The Shasta Caper
by John Pirillo
And he wasn't...Santa Claus. He was something far beyond a children's fairy tale.
Jimbo sat at a nicely handmade table, hewn from the trees about them, and shaped into something resembling a mushroom, but with six seats about it. He sat next to Mrs. Santa Claus and Samuel and Nanny next to Mister Santa Claus.
Mrs. Santa Claus had that same ageless beauty that suffused Santa Claus, but with a more down home feeling to it. Her whole presence was tidy, warm and friendly, like a favorite dog or cat, or couch. Something you just knew you'd never feel bad on or around.
The small child they had seen earlier was squeezed between Jimbo and Santa, as everyone was beginning to think of them, because they had no other way to describe them that didn't include they know what you are thinking. He had all white hair as well and eyes that seemed to be on fire all the time with an enthusiasm that was remarkable for one his age. His fingers were deft and quick, his mind even quicker. He had a tendency to knit his eyebrows together when he concentrated and his lips would pout.
"Oh, I'm sorry, Jimmy." Mrs. Santa Claus said to him, jumping up to go through the rounded doorway into her tiny kitchen and come back quickly with a salt shaker. "Your salt."
"But I didn't ask..." He let it go. This had happened continuously for about an hour now. He'd think something..."
"And I know." Mrs. Santa Claus told him with a wink and a twinkle in her eye.
"Okay." Jimbo finally asked out of exasperation. The idea of someone diving into his mind uninvited was beginning to worry him, if not irritate him.
"You want to know how I do it. Right?" She asked.
Santa smiled at her and she smiled back. "A little birdie told me."
Samuel suddenly realized what the tiny black thing was that was nestled in her snow white hair. He had thought it was some kind of ornament, but when it unruffled its feathers, and cocked a black eye on him, he almost choked on the slice of bread he had been eating.
Nanny pounded his back and he stopped coughing, but instead began laughing over and over.
Jimbo glared at him. "Uh, this isn't funny."
Samuel wiped at the tears in his eyes. "He's telling the truth, Jimbo. She does have a little bird talking to her. It's right in front of your eyes."
Jimbo looked over at her, but saw nothing. "Oh. Invisible friend, right?"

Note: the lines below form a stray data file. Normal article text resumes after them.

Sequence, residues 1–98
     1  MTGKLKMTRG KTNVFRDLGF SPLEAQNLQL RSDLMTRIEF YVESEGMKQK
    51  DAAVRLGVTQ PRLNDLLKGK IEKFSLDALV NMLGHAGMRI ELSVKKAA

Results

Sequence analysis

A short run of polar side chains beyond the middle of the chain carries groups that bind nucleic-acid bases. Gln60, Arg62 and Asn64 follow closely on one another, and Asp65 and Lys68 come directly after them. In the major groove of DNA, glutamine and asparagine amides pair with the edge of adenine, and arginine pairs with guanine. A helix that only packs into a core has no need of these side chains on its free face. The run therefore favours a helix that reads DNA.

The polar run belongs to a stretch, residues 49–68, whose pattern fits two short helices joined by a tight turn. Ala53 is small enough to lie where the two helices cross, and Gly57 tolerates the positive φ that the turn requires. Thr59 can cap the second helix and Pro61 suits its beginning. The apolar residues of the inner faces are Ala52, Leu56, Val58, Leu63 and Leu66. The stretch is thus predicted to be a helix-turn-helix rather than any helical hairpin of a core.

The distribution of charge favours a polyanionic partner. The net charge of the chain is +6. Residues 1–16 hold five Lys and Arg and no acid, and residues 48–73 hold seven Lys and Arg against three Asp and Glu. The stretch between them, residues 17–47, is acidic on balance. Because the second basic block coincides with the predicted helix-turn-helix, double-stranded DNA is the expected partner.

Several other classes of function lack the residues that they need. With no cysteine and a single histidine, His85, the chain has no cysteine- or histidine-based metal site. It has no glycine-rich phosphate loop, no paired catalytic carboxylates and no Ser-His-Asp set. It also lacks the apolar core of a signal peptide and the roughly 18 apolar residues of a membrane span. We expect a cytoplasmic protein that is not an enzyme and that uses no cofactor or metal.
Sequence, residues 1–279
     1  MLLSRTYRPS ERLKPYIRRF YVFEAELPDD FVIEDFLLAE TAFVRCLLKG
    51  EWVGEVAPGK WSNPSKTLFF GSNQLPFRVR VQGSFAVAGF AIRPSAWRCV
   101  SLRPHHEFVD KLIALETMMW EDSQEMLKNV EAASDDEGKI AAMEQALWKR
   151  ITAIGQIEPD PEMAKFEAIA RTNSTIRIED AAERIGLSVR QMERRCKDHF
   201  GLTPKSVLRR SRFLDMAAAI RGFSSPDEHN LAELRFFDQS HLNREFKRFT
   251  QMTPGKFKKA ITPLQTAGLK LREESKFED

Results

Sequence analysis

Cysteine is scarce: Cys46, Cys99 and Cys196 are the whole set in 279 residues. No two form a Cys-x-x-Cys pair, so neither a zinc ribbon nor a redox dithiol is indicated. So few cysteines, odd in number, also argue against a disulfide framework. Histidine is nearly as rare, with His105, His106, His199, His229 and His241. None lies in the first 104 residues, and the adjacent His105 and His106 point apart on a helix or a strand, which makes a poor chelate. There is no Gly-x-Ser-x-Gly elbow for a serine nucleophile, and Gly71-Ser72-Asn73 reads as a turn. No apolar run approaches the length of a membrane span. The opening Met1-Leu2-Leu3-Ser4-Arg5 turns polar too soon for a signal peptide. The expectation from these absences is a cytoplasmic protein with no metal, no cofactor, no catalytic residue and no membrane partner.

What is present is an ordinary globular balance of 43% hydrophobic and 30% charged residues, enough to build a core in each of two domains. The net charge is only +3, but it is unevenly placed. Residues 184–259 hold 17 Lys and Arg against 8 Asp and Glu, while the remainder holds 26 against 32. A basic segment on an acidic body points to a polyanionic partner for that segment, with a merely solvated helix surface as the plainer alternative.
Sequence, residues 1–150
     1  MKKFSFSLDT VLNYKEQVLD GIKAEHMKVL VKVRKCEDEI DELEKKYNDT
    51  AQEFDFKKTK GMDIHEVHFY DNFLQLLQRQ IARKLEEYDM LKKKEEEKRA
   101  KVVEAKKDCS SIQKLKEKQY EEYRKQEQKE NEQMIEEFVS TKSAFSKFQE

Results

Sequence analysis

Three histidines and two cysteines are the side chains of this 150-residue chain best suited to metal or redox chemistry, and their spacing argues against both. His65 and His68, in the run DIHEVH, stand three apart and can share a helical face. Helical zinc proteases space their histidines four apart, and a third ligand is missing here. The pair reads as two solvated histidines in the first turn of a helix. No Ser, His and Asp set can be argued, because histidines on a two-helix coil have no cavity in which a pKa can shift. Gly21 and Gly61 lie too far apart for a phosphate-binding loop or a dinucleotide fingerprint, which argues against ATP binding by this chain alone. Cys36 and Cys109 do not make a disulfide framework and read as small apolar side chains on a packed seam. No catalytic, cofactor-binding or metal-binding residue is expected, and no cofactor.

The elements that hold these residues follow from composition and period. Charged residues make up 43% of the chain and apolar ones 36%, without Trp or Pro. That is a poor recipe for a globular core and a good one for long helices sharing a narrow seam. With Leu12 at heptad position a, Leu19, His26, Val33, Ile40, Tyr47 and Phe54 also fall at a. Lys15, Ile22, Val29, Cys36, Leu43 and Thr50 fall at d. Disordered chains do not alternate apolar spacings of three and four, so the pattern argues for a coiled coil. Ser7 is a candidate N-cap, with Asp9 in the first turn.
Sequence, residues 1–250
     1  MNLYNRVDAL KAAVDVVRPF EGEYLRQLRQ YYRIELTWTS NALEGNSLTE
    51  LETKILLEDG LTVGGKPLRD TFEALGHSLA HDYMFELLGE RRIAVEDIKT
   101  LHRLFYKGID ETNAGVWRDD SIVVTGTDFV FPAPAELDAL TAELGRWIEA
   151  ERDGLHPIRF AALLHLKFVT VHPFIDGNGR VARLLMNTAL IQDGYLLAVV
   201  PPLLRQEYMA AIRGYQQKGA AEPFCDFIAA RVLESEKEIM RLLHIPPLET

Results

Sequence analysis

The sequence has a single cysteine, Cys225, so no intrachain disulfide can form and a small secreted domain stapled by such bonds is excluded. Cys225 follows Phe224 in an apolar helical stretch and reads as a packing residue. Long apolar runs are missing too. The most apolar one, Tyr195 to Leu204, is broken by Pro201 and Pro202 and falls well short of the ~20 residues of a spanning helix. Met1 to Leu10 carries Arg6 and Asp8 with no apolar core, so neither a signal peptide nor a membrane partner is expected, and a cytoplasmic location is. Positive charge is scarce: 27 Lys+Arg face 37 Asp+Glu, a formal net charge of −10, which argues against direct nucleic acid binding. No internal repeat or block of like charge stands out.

Samuel stopped laughing. "Sorry, Jimbo, I thought everyone could see it."
Nanny glared at him too. "I can't either, and I usually do."
Mrs. Santa patted her arm. "Deary, you're still a young soul, you can't be expected to see everything...yet."
That got Nanny even more mad. "I resent being talked down to!"
She started to get up.
Both Samuel and Jimbo held her down.
"Okay. I'll stay, but all this spiritual mumbo jumbo is starting to get to me..." She froze at her words. She swiveled her eyes to look at Jimbo. "I'm starting to be you!"
Jimbo laughed. "Happens to the best of us."
Santa and Mrs. Santa laughed.
The child, a young boy of about the age of ten, set a piece of cloth he had been shaping in his lap next to Nanny. "Like it?"
Nanny forgot her anger when she saw the tiny Christmas tree. "It's beautiful! How'd you do that?"
"With love." The boy answered with a straight face. "Mommy shows me how to do it every day. I've been getting better. Do you like it?"
Nanny looked at him more closely. "You've asked me that two times. Why?"
"Denny is special." Santa told her, his eyes solemn. "He knows how to shape the future."
"Don't we all?" Nanny laughed, thinking he was being companionable, not serious.
Samuel looked at the tree more closely and he could see Nanny, Jimbo and himself climbing inside of it, following a trail of cavernous tunnels, pursued by something indefinable. He gave Denny a startled look. Denny looked him in the eyes. "You like it?"
"I'm not sure." Samuel answered. "It doesn't look like a future I want to experience."
Mrs. Santa put a hand on his. "Honey, it's not the future that is, but the future that could be."
Santa nodded. "Denny's gift is more of a warning of what the future will become if we misstep or take the wrong direction."
Jimbo set his napkin down. A handmade cotton like material that never lost its crispness, no matter how much he folded it. "Don't you think it's time you told us who you people really are?"
Santa smiled. "Friends."
Mrs. Santa nodded. "Oh so true."
Denny smiled at them and grinned like the little child he appeared to be. "Friends we cherish."
One moment the happy family was seated there with them, smiling, then they were gone. The home around them vanished. The furniture was all that was left. It sat beneath a towering tree and a soft mist of rain was drizzling between the leaves and beginning to wet them.